Francene Lee Taylor
We freak out when our beloved pets get a tick, but little do we know that even the smallest of infected ticks can pass on numerous life-threatening infections to humans.
Lyme disease has nothing to do with citrus. It was named after a town in Connecticut in the USA where this chronic disease was first identified.
It’s become a global disease epidemic, which is often a mystery for Australian doctors. As vectors, or carriers of infections, the bite from infected ticks can pass on diseases with mysterious names like Borrelia, Rickettsia (tick typhus), Babesia, Bartonella and Lyme disease.
The spirochetes of the Lyme-causing Borrelia bacteria are the corkscrew-like causative agents much smaller than the bacterium itself. They tunnel into cells and spread the bacteria DNA throughout the body, causing the debilitating infection. These spirochetes protect infected cells with a complex defence of biofilms and cysts, making chronic infections harder to treat.
Lyme is one of the fastest growing tick-borne infections in the world. Each year 300,000 (0.1 per cent) of people in the USA are infected. Similar epidemic figures from around the globe suggest 21,000 Australians could be infected annually.
The symptoms of Lyme disease can vary greatly from person to person: joint pain, extreme fatigue, numbness, tingling, stabbing pains, night sweats, cognitive dysfunction, air hunger and recurring fevers caused by the body’s responses to the infection.
Yet Lyme disease is not officially recognised in Australia. Negative test results are controversial, as many Australian and overseas types of the disease are not included in the testing.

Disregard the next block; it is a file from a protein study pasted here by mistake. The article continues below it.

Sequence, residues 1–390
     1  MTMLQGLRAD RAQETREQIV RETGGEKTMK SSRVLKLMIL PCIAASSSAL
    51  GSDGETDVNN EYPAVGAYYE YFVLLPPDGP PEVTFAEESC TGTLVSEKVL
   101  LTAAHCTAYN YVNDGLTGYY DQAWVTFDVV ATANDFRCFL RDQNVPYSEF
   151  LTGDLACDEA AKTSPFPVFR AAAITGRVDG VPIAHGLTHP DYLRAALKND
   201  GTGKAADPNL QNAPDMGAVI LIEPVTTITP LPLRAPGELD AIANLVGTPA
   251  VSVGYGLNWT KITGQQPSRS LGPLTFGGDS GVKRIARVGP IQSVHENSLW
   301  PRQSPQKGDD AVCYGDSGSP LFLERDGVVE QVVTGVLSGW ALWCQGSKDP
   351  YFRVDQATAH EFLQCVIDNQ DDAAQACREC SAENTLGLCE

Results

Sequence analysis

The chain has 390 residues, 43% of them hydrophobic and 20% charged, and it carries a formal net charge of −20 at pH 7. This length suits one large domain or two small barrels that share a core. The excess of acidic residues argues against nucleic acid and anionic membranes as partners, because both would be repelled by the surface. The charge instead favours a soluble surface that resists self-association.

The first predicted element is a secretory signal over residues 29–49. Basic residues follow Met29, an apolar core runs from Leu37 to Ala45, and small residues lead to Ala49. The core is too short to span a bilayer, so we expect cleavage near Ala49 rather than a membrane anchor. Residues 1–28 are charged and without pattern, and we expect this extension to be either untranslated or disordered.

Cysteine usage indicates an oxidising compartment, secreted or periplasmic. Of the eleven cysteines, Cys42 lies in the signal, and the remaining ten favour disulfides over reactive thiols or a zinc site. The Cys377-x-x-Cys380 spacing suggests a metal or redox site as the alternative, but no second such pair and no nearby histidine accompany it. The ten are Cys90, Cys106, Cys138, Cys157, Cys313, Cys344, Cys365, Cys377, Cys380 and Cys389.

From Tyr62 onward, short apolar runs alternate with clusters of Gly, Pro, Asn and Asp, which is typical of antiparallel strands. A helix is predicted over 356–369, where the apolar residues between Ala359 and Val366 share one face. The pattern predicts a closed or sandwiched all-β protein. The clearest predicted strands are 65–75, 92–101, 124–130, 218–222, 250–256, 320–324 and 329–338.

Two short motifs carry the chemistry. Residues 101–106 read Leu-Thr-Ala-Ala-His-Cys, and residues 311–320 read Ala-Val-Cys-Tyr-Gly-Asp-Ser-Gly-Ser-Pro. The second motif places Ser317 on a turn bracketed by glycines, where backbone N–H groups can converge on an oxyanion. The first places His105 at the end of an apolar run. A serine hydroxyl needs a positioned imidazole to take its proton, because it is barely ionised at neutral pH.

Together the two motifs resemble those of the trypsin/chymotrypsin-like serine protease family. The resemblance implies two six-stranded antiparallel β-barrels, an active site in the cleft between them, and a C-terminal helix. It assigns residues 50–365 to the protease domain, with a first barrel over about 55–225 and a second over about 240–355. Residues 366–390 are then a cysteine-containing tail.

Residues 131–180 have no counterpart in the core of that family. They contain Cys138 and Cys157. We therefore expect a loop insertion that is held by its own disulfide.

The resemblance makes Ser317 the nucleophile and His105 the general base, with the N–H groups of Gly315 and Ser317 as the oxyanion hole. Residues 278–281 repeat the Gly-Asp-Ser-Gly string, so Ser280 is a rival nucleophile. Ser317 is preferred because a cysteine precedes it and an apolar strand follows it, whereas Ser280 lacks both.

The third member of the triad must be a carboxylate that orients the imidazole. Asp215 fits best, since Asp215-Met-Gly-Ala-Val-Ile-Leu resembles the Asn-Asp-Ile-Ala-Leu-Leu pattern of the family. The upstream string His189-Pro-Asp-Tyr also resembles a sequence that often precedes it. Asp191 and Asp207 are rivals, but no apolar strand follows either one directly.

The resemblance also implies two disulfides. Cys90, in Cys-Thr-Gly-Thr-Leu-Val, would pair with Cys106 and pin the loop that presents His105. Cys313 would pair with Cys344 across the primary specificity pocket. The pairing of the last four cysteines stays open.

Chronic Lyme is also known as a great imitator with vague symptoms. It of often mimics symptoms of Motor Neurone Disease (ALS), or Alzheimer’s, Parkinson’s, Multiple Sclerosis, Chronic Fatigue Syndrome and Fibromyalgia.
When I was bitten by ticks and was concerned about having Lyme disease, my local doctor said there is no Lyme disease in Australia according to the government advice at that time.
Local tests were negative, but DNA testing in America came back positive for Lyme disease. The controversy facing Australian doctors and patients has been the lack of recent research into what diseases Australian ticks are carrying.
My search for answers led to the Karl McManus Foundation and, wanting to be proactive, I founded the Northern Rivers Lyme Network http://bit.ly/NRLNtick, aligning with The Karl McManus Foundation.
The Foundation is funding research at Sydney University to provide up-to-date evidence needed for improvements to testing, diagnosis and treatment of Australian tick-borne diseases, including Lyme.
Although Lyme is not an officially recordable disease – with no official statistics – the growing number of Australians affected has forced federal and state health authorities to update their infectious diseases advice, saying that while doctors should not rule out Lyme Borreliosis, more evidence is needed.
For Lyme Awareness Month, the Northern Rivers Lyme Network is screening the internationally award-winning documentary Under Our Skin at Mullumbimby, Santos Heart Space, Friday May 23 at 6.30pm. Another screening will be held at the Byron Bay Community Centre on Saturday May 31 at 2pm. To support this important research, donations can be made to the karlmcmanusfoundation.com.au website or contact Francene on 6680 3347. See more about the film Under Our Skin at www.underourskin.com.